Both the Brezza and S Cross were fitted only with diesel engines, but in 2019, Maruti announced it would phase out its entire diesel portfolio by March 2020. The move sent shock waves through the industry—Maruti had sold 480,000 diesel vehicles in 2018-19, and though the market for diesel vehicles had begun to stagnate at 30%, it was still significant.

“It was bold and I would be lying if I said I wasn’t worried," Srivastava says. “But we are wired to anticipate the future. Today, the share of diesel has shrunk to less than 20% and there are no small diesel cars or even many compact diesel SUVs in the market today."

The shift, however, took a toll on Maruti’s fortunes. In 2020-21, its share in passenger vehicles again slid to less than 50% and, in 2021-22, it declined further to 43.65%. A decade had gone by, and it was back to square one for Maruti.

Teaming up with Toyota

To offset the loss of diesel in its portfolio, Maruti embarked on a twin pronged strategy. One was to double down on CNG, where it had an early-mover advantage but was mostly limited to commercial fleet-oriented vehicles such as the WagonR and Ertiga. Traditional wisdom suggested that more discerning SUV buyers looked for performance, which CNG as a powertrain lacked. CNG vehicles were also not seen as premium enough and the loss of boot space because of the CNG tank was a hindrance as well. Nevertheless, barring the Jimny, Maruti now offers the CNG powertrain across all its SUVs.

With its eyes set on clawing its way back to 50% market share, cracking the SUV segment became a priority for Maruti.

To counter the perception of lack of performance, Maruti got help from an unlikely ally—Suzuki’s long-time rival Toyota. Following a tie-up stitched in Japan between the two global automotive giants in 2017, Maruti and Toyota’s local subsidiary had been selling cross-badged vehicles in the domestic market. This arrangement was extended to the mid-sized Grand Vitara—Toyota sells the same model as the Hyryder. The vehicle was jointly developed by the two firms and is being manufactured at Toyota’s factory in Bengaluru.

Crucially, for Maruti, the Vitara has a strong hybrid powertrain from Toyota, with a separate electric motor powered by a 0.76 Kwh battery pack complementing the 1.5-litre petrol engine. As a result, the car has comparable power, torque and fuel economy as the diesel offerings from rival brands. Unlike the compact SUV segment, where the share of diesel has shrunk to less than 10%, in the mid-size SUV segment that Vitara is a part of, its share is still significant at nearly 20% as of Q1 2023-24.

“No doubt Toyota has given strong product support to Maruti, helping them to easily command a share in the mid-size SUV segment," says Puneet Gupta, director, S&P Global Mobility, an automotive consulting firm.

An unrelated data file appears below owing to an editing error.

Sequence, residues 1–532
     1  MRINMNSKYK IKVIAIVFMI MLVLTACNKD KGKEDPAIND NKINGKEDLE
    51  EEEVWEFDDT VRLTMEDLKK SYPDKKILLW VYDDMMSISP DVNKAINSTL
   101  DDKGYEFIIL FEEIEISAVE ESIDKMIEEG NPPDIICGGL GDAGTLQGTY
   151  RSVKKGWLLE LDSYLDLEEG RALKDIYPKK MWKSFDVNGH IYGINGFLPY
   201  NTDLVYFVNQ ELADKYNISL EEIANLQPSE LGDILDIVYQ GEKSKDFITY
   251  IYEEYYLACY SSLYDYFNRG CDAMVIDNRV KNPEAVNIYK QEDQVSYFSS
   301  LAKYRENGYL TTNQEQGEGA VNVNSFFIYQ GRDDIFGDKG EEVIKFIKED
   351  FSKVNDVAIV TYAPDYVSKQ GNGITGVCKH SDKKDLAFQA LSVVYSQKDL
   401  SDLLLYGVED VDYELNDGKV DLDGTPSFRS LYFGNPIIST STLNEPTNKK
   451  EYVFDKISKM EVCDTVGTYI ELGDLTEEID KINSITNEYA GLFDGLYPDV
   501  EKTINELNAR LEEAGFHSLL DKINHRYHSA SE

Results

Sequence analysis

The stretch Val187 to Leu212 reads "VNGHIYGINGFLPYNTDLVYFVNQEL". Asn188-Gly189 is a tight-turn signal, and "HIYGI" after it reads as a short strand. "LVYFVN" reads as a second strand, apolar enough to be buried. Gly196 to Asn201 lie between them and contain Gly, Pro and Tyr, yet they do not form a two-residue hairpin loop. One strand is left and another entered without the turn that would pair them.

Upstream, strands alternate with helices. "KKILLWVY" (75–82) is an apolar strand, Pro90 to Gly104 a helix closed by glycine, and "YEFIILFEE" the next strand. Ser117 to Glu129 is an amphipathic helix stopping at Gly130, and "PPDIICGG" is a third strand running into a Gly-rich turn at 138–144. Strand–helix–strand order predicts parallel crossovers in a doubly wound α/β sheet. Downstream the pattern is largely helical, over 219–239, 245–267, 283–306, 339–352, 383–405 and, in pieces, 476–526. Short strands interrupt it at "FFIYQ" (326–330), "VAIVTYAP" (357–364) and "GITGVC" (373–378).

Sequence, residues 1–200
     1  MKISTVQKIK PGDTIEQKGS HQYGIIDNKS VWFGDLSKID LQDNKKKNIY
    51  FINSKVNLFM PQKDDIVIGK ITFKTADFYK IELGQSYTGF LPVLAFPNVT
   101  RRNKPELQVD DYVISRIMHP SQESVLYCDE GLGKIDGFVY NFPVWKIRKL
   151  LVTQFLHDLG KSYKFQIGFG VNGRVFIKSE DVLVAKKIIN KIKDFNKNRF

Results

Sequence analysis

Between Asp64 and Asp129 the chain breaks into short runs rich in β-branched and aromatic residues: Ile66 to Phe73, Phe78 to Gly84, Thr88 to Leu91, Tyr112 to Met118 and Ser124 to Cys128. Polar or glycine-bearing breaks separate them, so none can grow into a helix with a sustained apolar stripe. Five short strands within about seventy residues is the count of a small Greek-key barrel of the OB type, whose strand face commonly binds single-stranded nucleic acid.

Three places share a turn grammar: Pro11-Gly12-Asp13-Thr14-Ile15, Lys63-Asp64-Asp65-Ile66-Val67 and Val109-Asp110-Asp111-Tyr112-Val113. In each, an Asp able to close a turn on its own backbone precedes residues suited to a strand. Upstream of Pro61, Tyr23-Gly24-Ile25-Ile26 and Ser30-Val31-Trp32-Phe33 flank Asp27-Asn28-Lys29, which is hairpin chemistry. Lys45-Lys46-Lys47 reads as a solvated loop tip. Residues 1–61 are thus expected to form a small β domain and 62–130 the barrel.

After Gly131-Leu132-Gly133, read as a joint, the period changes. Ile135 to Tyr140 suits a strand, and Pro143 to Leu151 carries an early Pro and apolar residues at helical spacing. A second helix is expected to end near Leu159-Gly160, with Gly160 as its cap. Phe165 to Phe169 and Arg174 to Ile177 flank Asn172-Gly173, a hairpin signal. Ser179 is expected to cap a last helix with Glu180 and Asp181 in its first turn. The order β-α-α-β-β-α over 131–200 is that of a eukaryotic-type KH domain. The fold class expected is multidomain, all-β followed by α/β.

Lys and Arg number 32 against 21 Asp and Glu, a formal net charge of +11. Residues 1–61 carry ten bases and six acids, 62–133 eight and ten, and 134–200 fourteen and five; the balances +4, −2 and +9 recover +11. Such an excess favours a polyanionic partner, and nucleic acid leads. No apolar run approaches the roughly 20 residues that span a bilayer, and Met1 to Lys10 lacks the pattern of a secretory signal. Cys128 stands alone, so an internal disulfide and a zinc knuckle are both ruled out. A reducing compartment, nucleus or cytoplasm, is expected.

“It’s a killer combination," adds Avik Chattopadhyay, co-founder, Expereal, a brand and business strategy firm. “You have the best of all worlds in technology, styling, research, supply chain, manufacturing heft and network. Hybrids provide the tech edge for Maruti vis-a-vis diesel."

The era of ‘pseudo’ SUVs

SUVs are manufactured in two ways—‘ladder on frame’, where the body and chassis are built separately, and ‘monocoque’, where, like small cars and sedans, they are built as one unit. M&M is a master of the first kind but most automakers, eager for a piece of the SUV action, innovated with the monocoque frame, where the vehicles are lighter, more fuel efficient and drive like a car.

These vehicles are not large—a quarter of them measure less than 4 metres in length, the benchmark for small cars in India—and only 10% of them have engines powering all four wheels. The rest are not SUVs, going by the textbook definition. Yet, they are a rage in the market and companies are eager to exploit this trend.

“SUVs are associated with ruggedness, versatility and prestige and boost brand awareness to a broader range of consumers," says Ravi Bhatia, president and director, JATO Dynamics Ltd, an automotive intelligence firm. “They also tend to command higher prices, boosting profitability for manufacturers. Positioning a vehicle as an SUV helps it stand out."

“It has been convenient for the industry to not have clarity. There is no way one can call the Punch or Fronx SUVs. But if the Fronx were to be classified as a hatchback or crossover, more than half its appeal is gone," says Chattopadhyay of Expereal. “It keeps the automakers pleased as they can pass off any vehicle that stands a bit tall as an SUV. The Wagon-R, if freshly launched today, would have to be classified as an SUV too, which would be plain ridiculous," he adds.

But if others are doing it, can Maruti be faulted? “Tata, Hyundai and Kia have done it, too, and have reaped success in the past," says Himanshu Singh, research analyst at Prabhudas Lilladher Pvt Ltd, a brokerage firm.

A difficult climb

Achieving pole position in SUVs is one thing. Sustaining it is quite another. In the last two-and-a-half years, the leadership position in SUVs has changed hands multiple times with Hyundai, Tata and Mahindra having each worn the crown before Maruti. So, the question is, will Maruti be able to sustain its reign at the top?

SUVs have only now started to lift Maruti’s overall marketshare, which has crept up from 41% in H1 2022-23 to 42.1% in H1 2023-24. But there is a long way to go. Maruti does have the scope to launch more products and expand its portfolio below the Brezza, to target the newly formed micro-SUV space where the Tata Punch and Hyundai Exter operate, and above the Grand Vitara, to compete with the Jeep Compass and Tata Harrier.

“We need 34% share in SUVs to get to 50% overall share in PVs," says Srivastava. “We will bring in more products to try and achieve that."

But can SUVs help Maruti regain the 50% market share it so covets? “It will be very difficult," says Singh of Prabhudas Lilladher. “The SUV market is very competitive."

Adds Gupta of S&P: “Maruti may remain the leader, but the SUV segment will be split between the top five players."